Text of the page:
Ironically the Lille tram has to shut down too for a short period of time (but not its VAL !) …

    that is for twhat I heard, but I guess the media don’t report all tram glitches, especially when major network like the TGV one has to cancel 20% of its trains.

    A quick Google search
    Sooner, in Fall, due to fallen leaves, it was the Lyon trams to be shut down (a whole line)
    Paris Tram got the same fate a year before (nice landscaping come at a price), and Bordeaux tram so far has still to prove itself under snowy condition (last year it was unable to do so).

    So here we are talking about the shutdown of a short stretch of the Canada line for something like 4 hours (the rest of the line was still running normally between Marine Drive and Waterfront), rest of the rail system was operating normally

    I am pretty sure that is considered as “very few problems and delays” seen of the other side of the pond.

    That is not to be satisfied with the shut down of the Canada line when road are unpractical. The strength of a rail system is too keep operating as normal in snowy condition, and that need to be fixed, since it is what public rightfully expect… but as you mention I also thing they face some other recurring issues on the Richmond branch where the train got stuck quite often around Aberdeen Station (this include during the snow day)…that is expecting 100% reliability on a rail system system could prove to costly, in an area where snowfall keep pretty infrequent.

    Voony

    December 5, 2010 at 12:43 pm

  13. Funny how the English LRT/tram systems keep operating in the snow, while other transit services have stopped.

    Most tram systems are operating in the European deep freeze and is a good advertisement to the robustness of modern light rail.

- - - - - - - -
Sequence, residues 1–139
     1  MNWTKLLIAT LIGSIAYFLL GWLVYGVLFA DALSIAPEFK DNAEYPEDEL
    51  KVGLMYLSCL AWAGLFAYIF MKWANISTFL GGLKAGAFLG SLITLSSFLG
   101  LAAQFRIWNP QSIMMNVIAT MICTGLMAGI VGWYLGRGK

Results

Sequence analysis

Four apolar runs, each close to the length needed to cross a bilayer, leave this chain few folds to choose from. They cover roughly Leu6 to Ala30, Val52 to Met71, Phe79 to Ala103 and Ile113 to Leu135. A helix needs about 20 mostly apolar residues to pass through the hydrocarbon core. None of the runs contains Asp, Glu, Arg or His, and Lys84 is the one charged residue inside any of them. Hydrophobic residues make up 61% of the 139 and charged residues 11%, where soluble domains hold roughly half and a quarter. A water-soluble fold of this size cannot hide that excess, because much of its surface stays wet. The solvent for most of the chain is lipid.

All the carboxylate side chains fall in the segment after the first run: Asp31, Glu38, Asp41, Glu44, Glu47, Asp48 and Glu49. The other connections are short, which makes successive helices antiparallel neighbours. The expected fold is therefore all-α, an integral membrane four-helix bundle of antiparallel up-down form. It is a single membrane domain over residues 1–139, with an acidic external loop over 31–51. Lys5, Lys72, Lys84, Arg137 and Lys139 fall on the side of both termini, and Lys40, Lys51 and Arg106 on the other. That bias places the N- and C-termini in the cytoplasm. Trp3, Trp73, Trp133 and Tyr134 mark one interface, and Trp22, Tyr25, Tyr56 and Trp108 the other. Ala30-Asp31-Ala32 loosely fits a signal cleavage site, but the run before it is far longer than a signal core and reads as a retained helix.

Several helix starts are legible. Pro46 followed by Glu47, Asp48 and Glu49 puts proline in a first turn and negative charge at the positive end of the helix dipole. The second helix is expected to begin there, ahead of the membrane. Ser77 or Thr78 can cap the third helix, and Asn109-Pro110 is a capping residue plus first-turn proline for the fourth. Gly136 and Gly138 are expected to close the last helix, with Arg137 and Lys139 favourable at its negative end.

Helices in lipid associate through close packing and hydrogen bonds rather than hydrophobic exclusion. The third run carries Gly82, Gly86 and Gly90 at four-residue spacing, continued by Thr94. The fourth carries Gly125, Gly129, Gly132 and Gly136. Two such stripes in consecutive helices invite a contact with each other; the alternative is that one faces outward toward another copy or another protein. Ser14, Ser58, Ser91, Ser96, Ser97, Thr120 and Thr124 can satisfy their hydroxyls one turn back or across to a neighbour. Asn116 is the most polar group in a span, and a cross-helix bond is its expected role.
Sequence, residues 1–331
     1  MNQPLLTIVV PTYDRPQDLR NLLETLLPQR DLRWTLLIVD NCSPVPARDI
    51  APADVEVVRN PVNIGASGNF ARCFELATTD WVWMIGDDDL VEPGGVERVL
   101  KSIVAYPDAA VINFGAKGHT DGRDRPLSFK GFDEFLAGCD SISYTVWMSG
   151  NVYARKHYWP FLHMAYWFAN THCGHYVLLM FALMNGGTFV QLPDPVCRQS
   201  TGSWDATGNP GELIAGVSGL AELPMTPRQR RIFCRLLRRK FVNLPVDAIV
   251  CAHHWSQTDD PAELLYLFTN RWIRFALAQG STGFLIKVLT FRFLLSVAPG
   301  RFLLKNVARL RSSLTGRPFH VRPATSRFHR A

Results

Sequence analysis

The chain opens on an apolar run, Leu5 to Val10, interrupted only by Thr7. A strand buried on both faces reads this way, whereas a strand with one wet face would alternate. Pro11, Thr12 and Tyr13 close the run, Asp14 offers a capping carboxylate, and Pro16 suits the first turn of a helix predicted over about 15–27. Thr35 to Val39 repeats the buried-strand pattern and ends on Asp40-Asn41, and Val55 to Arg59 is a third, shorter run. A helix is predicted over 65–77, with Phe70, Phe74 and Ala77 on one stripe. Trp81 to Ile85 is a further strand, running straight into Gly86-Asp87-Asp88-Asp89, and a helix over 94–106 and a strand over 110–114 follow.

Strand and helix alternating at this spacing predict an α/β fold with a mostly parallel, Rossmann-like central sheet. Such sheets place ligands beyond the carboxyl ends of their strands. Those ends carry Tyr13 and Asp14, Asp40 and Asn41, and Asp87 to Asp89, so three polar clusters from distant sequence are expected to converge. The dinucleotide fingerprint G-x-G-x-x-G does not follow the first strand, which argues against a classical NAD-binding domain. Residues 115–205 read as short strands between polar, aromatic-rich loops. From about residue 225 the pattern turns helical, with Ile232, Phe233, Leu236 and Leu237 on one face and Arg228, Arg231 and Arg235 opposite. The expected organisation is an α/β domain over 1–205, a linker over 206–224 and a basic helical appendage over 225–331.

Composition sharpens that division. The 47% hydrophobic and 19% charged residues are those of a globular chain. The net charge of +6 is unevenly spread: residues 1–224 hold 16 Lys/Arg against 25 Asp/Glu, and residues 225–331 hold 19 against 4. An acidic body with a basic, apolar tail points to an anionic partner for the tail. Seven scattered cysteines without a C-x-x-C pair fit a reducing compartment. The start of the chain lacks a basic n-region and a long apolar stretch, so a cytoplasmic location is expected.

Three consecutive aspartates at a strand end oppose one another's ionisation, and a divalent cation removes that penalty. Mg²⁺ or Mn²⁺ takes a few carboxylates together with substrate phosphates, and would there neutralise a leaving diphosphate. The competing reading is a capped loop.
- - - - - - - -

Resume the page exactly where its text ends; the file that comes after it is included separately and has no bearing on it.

The Canada line should not have stopped in a mere 10 cm of snow – that it did tells knowledgeable people that there is a problem and it is not “ice on the tracks!”

    zweisystem

    December 5, 2010 at 7:11 pm

  14. “If it was due to a lose of traction at the wheels. Then this is just another example of why they should have used LIM as the technology.

    Our Scarborough ICTS mini-metro barely runs in the winter. LIM’s and snow are a bad mix.

    Justin Bernard

    December 6, 2010 at 7:02 am

  15. Yesterday afternoon the SkyTrain was closed at Sapperton station long enough that they had time to put signs at Broadway, Commercial and other stations. It was a “medical emergency” and when they are THAT long it likely means the tracks have to be cleaned up.. if you get my drift.
    Several years ago a snowfall caused a big shutdown of the SkyTrain system…
    I read many times in a UK rail magazine that UK trains go through the snow without a problem yet get stuck when wet autumn leaves fall down in mass on the tracks..while French trains apparently have no problems with wet leaves…

    In other words no system is perfect at all times. Roads aren’t problem free either…I lived long enough in Toronto–working for a delivery service–to know that there is always a couple of snowfall each year that paralyze the whole place as if people had never seen snow before!

    I was in France last week as I mentioned before. The TGV were supposed to run less trains than usual, CDG airport was supposed to cancel flights etc. yet we took the TGV to Paris in Bordeaux at the scheduled time, at CDG we went through the security lines in a flash (faster than in Vancouver at departure), our plane left on time etc. so it is the luck of the draw.

    Red frog

    December 7, 2010 at 8:52 pm

  16. There is an article in the latest edition of the Railway Herald “Britain’s railways have been fighting a losing battle at times to combat the effects of below-zero temperatures and failing snow.”

    Stephen Rees

    December 13, 2010 at 8:41 am

  17. I had the misfortune to be involved as a passenger during this infamous day. At Bridgeport Station, Translink, and not Protrans, was busy arranging buses to carry stranded passengers going into Vancouver. We weren’t told of the problem by Protrans until we had reached the train platform in the station and then had to make our way down the station steps and wait in a long line, wind and snow blowing around us, for a bus to come from a nearby Coast Mtn Bus garage. We were bused to the Marine Drive Station where we then could board the train.

    My question…since this is a P3 business and Protrans (SNC Lavalin) is the operator, did Translink bill Protrans for the service hours it had to provide Protrans to get its passengers to an alternate station? IF not, why not?

    phil

    December 22, 2010 at 7:32 am

  18. Does P3 mean, we PAY and PAY and PAY?

    phil

    December 22, 2010 at 7:34 am